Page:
What is the decision desk and how do you socially distance one?

By Matt Collins Article may include affiliate links

For years, decision desks earned the somewhat mysterious reputation of being physically isolated within broadcast facilities.

Often they would be void of the feeds of other networks that typically adorn news workspaces — the idea being that the network should be calling races based solely on data it had coming in to the room and not be influenced by other networks making calls earlier.

However, over time that rule has been relaxed by many networks as the way networks call races evolved.

Until 2002, most major U.S. networks were part of a collation called the Voter News Service that provided exit polling and other data to each member network, essentially allowing the networks to split the cost of exit polls among everyone.

However, VNS was shut down after two bad years — 2000 and 2002 — that resulted in wildly inaccurate exit polling data.

In 2003, ABC, CBS, NBC, Fox and AP formed the National Election Pool (NEP) that relies on data from Edison Research. Fox and the AP left the group in 2017 with plans to do their own analysis.

Exit polling is slowly falling out of favor as well — especially this year during a pandemic where nearly 100 million Americans voted before election day Nov. 3, 2020, that would likely result in polls from voters physically exiting polling places significantly unbalanced.

Because of all that, it appears some networks are loosening the rules about decision desks being isolated. The “big three” U.S. networks get data from NEP and most broadcast and cable news networks are also members of the AP, which could give them access to that data as well (though this might vary depending on their agreement with the AP).

This means that every network is getting either (or both) NEP and AP data at relatively the same time (Fox is the exception and gets its own proprietary data).

It’s important to note that networks also combine exit polling data with a myriad of other sources — ranging from historic voting trends, number of outstanding ballots to be counted, party breakdowns and hundreds of other data points.

All that said, the coronavirus pandemic has also upset how decision desks are set up.

Before, they were often temporary or converted office space set up just for that purpose, though NBC did build a dedicated space for its desk in NYC. Because of the temporary nature (and that they are typically only used a handful of times over the course of a few years) meant the spaces were often crammed.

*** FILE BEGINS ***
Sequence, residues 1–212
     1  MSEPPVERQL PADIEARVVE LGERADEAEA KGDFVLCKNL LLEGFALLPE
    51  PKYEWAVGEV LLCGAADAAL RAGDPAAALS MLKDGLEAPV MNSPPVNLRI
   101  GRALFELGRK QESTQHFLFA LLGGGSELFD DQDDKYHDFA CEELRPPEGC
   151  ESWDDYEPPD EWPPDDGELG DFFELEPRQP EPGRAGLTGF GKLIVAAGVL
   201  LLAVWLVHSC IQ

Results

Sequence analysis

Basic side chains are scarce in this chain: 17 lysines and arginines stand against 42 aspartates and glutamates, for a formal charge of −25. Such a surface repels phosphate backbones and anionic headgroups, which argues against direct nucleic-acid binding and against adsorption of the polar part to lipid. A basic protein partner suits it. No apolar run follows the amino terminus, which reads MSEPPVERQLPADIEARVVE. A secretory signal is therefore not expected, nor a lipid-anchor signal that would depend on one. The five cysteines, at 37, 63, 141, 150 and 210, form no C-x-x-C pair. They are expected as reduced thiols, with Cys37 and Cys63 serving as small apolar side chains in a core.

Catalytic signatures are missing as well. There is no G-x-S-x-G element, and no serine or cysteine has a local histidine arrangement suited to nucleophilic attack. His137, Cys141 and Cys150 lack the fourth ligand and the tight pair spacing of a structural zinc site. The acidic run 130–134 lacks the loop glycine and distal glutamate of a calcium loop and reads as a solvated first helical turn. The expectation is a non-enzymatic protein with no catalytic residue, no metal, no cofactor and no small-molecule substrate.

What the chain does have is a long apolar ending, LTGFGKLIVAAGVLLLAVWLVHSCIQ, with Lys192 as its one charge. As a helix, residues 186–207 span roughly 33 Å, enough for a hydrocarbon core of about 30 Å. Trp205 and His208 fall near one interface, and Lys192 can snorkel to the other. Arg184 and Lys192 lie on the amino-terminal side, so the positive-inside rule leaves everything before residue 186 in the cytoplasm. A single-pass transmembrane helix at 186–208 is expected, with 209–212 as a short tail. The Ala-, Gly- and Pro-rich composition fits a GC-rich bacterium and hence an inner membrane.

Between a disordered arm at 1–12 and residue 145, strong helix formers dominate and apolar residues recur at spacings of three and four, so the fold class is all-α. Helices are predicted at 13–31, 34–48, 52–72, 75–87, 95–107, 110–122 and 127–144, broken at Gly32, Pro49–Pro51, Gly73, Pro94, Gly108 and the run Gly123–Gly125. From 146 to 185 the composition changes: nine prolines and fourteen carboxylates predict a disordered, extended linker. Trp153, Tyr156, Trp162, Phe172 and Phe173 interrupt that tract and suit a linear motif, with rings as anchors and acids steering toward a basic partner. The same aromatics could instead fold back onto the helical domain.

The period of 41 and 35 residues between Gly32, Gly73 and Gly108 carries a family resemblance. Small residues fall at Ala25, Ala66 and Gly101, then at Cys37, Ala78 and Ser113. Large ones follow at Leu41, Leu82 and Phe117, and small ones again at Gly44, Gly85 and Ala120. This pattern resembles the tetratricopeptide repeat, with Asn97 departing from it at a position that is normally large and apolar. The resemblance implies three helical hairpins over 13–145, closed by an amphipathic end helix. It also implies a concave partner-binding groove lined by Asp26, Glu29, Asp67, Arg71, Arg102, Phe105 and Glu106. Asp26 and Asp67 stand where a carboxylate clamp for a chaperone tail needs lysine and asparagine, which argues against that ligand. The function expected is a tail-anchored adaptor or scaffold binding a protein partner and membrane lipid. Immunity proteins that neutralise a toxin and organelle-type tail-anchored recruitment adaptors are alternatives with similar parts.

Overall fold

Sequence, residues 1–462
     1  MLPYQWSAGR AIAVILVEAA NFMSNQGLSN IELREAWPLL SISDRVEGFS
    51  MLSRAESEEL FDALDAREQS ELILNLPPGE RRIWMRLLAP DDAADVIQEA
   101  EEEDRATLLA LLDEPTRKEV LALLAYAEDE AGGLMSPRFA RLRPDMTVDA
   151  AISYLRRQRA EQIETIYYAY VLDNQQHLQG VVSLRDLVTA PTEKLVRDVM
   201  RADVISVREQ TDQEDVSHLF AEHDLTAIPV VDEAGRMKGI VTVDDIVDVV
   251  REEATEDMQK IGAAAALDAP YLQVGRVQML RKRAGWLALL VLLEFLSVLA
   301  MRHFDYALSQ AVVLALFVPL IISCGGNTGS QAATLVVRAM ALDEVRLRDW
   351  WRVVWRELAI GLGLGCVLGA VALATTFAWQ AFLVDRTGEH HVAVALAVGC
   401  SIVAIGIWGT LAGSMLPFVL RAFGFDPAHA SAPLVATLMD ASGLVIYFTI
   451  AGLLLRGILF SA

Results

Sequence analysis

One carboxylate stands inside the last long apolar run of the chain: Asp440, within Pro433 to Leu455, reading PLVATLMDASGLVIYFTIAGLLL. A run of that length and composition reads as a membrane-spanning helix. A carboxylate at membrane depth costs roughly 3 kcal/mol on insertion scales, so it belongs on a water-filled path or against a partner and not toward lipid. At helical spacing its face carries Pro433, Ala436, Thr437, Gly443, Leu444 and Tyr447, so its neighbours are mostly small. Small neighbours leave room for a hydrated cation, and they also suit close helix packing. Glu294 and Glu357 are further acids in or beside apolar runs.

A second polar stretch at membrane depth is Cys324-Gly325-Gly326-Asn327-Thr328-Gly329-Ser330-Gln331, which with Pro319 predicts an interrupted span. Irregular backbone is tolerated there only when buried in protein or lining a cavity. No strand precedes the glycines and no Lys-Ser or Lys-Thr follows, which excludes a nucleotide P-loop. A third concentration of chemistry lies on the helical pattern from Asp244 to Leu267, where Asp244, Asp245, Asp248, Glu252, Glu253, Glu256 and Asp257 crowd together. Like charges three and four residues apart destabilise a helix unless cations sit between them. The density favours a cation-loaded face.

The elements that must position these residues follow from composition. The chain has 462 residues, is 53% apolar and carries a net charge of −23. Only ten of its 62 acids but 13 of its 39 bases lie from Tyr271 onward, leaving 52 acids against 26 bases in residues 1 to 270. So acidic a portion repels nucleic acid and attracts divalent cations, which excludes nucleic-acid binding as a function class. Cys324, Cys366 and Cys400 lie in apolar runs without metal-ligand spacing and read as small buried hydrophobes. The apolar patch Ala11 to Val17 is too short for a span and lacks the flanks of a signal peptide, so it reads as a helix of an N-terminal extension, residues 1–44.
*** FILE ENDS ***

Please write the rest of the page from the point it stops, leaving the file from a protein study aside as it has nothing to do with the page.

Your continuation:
Obviously, that would be a problem in this age of social distancing — so networks are getting creative for 2020.

NBC News relocated its decision desk from 30 Rock to the NBCU Boston Media Center, which is home to NBC affiliate WBTS, Telemundo affiliate WNEU and cable network NECN, all of which are owned by NBCUniversal. This desk reportedly serves NBC, MSNBC and CNBC.

This building arguably offers more space to spread out and is also separated from the network’s primary election studios by about 200 miles.

Improvements in communication and IP production likely have played a role in making it easier for a remote decision desk to relay calls and other news quickly and efficiently — and even feed into graphics or other systems as needed.

CBS News has created a socially distanced decision desk in the temporary studio it built inside the ViacomCBS building in Times Square, according to sources.

The network did not clarify what measures are being taken to isolate staffers from outside sources, if any, though the space only includes limited wall monitors though it’s just feet from the main election set.

The CBS source said all workstations are also spread out by at least six feet.

Over time, networks have become laxer about allowing a reporter or correspondent in the room to deliver live hits during the night. In the past, these staffers were sometimes forced to camp out in the space all night — but that rule is reportedly becoming more relaxed at networks.

ABC News did not respond to requests for comment about where it is locating its decision desk, though previous reports indicate the network is spreading out across its Lincoln Square complex, including having some talent in the main Studio TV3 and others in “The View” studio.

TV3 does include smaller clusters of workstations tucked into corners and the two “alcoves” can also be set up with workstations, so it’s possible the network will leverage that space.

Fox and CNN also did not respond to requests for information either.

Fox previously had its decision desk in a converted storage room just off of Studio F, but it’s no longer clear how it will be handled this year.